Earthquakes brought on by human activities, such as mining, building dams and fracking, are becoming more frequent and require evidence-based management, new research suggests.
In a study led by Professor Gillian Foulger of the Department of Earth Sciences , and published in the journal Earth Science Reviews , researchers compiled a comprehensive record of over 700 earthquakes claimed to have been caused by human activity over the last 150 years.
The research team found that the number of reported cases, and the largest recorded strength of a human-induced earthquake, have both increased during this time.
Understanding human impacts on seismic activity
The team’s work shows that the full extent of activities which may induce earthquakes is wider than generally appreciated.
Professor Foulger said: “Any human activity that influences or disrupts stress in the Earth’s crust even slightly can affect seismic activity.
“This can include a range of activities like mining, building dams or heavy buildings and extracting materials such as oil, gas or ground-water, as well as injecting materials into the Earth’s subsurface, for example waste water.”
As part of the project the records studied by the team have been brought together into an innovative new database called HiQuake , to help improve understanding of human induced seismic activity.
The research team, which also included experts from Newcastle University, found that the largest reported induced earthquake had increased with time from magnitude 6.3 in 1933 (in California) to magnitude 8 in 2008 (in China).
The study also found that the number of reported cases had increased greatly, most likely due to a combination of increasing numbers of large-scale industrial projects and improved monitoring.
The research team argues that management of the issue of induced earthquakes can be improved in the light of the new findings.
Professor Foulger said: “Just as there is no such thing as a free lunch, no societal benefit comes without a price.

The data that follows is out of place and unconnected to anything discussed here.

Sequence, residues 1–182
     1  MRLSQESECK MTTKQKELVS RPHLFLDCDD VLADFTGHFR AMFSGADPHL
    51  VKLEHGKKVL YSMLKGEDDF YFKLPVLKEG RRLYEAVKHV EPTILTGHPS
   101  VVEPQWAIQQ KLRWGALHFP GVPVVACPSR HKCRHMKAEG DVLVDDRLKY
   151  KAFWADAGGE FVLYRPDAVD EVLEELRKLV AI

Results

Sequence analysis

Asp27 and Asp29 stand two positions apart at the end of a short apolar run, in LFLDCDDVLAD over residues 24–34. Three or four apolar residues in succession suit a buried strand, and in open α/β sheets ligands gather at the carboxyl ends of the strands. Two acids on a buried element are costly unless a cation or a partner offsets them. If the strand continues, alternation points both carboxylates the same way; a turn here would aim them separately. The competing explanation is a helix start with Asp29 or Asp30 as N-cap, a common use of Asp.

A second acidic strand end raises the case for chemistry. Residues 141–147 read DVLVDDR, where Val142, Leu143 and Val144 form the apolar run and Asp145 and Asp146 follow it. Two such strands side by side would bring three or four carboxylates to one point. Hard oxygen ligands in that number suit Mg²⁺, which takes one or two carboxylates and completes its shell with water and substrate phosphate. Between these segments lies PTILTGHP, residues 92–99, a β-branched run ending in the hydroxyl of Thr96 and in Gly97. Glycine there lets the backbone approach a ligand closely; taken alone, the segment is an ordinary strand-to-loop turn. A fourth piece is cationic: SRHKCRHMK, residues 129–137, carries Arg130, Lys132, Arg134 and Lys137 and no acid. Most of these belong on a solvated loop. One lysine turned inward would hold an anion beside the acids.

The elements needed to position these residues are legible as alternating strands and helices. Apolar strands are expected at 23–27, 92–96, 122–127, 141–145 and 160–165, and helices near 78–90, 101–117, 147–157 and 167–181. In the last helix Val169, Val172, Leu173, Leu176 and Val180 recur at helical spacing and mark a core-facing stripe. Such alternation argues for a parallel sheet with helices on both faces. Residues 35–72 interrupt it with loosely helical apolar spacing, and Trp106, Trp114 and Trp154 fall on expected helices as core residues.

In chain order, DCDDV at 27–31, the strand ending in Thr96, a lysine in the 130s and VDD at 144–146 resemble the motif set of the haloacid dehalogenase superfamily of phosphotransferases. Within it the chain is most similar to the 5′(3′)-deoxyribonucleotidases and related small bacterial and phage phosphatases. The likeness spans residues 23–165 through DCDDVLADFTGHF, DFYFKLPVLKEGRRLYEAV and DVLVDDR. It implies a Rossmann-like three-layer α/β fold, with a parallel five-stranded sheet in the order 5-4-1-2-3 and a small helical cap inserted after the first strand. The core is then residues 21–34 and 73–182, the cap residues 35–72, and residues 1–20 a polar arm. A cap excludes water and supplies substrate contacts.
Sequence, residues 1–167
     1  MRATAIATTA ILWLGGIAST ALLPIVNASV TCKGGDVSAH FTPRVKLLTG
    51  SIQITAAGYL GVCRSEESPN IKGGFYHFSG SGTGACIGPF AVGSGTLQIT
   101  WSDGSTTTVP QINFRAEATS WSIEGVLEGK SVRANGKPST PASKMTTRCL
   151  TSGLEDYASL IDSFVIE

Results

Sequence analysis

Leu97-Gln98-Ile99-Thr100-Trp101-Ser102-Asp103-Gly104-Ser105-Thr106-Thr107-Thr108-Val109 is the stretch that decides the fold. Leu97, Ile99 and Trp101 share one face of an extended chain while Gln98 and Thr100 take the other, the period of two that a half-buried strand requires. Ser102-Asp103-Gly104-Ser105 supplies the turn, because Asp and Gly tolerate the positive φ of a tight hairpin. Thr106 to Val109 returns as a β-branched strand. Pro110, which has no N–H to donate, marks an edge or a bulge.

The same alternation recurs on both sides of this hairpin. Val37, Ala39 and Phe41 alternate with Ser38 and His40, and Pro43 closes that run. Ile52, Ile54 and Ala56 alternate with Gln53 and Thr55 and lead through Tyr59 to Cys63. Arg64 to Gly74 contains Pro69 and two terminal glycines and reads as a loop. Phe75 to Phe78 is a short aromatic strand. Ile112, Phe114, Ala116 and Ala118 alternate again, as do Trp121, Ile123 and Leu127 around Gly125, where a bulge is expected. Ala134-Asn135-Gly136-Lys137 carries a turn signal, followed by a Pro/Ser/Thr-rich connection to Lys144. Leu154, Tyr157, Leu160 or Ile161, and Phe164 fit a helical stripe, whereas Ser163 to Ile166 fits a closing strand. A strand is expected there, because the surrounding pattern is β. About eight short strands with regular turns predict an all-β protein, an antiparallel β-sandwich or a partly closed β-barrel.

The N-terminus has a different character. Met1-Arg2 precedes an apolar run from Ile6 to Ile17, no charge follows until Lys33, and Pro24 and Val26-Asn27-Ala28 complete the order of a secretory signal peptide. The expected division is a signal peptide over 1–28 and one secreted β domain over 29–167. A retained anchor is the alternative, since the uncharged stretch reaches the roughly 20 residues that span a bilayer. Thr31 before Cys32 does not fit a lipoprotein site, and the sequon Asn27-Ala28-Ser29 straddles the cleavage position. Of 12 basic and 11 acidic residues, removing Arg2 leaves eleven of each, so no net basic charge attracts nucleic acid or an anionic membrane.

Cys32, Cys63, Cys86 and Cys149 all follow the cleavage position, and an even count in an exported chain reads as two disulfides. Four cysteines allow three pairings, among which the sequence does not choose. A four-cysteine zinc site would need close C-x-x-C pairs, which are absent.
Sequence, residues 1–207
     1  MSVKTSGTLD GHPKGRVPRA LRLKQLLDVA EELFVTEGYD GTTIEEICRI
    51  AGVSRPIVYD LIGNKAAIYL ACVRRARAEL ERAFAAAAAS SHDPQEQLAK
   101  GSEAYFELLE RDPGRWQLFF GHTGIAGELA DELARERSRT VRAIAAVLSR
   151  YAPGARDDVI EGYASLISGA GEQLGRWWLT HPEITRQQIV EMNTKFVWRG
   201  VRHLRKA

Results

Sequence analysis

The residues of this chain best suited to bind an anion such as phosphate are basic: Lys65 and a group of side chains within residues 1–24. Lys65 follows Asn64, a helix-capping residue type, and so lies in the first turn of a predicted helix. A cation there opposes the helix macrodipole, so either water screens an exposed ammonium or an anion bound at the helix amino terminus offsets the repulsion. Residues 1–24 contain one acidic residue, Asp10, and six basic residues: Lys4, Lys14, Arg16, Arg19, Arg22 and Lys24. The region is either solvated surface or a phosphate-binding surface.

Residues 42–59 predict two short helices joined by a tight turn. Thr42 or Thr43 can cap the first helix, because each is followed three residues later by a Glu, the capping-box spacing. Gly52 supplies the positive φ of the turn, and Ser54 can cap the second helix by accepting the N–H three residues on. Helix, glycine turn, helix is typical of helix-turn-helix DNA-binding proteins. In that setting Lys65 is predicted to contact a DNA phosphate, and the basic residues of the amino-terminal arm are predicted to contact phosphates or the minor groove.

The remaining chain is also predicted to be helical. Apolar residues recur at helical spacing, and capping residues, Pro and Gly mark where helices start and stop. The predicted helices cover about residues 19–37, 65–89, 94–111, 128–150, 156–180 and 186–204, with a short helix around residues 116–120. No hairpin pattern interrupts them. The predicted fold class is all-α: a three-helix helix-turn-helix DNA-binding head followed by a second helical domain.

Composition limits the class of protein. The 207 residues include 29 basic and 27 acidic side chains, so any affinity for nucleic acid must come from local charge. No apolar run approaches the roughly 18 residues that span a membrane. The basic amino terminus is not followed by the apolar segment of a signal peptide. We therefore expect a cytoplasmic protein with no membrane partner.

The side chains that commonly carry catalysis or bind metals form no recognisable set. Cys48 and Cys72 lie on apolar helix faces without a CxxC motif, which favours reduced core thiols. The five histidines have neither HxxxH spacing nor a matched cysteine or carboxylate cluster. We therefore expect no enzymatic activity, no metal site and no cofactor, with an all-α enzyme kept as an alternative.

“Large-scale industrial projects are vital but we need to ensure that public policy, engineering, preparation and outreach help to manage the risks associated.”
Furthermore, the study argues that as human induced earthquakes often happen in areas not normally subject to seismic activity, the local population and infrastructure may be underprepared.
Recognising induced earthquakes
In undertaking this research the team faced the challenge of significant under-reporting of induced earthquakes as well as variations in the strength of evidence for earthquake induction, which make it impossible to be 100 per cent sure that any quake is a direct result of human activity.
However, the study argues there are a number of unusual characteristics that are commonly reported for earthquakes believed to have been induced. These include an unusually shallow depth and occurrence along previously unknown faults.
The researchers suggest that improved understanding of these characteristics, and more experience of dealing with human induced earthquakes, could help lead to better mitigation and management.
Professor Foulger added: “If we know that human induced earthquakes can occur along previously unknown faults, there is the potential to reduce the hazard by undertaking extensive subsurface mapping before an industrial project begins.
“We also found that large earthquakes can occur even after operations have stopped, raising the question of whether, and for how long, seismic hazard mitigation measures should be continued after the end of a project.
“The challenge is how we could recognise success - whether our measures prevented an earthquake - as there can be no evidence for an earthquake that did not occur.”
The research was funded by the gas and oil exploration company Nederlandse Aardolie Maatschappij BV (NAM).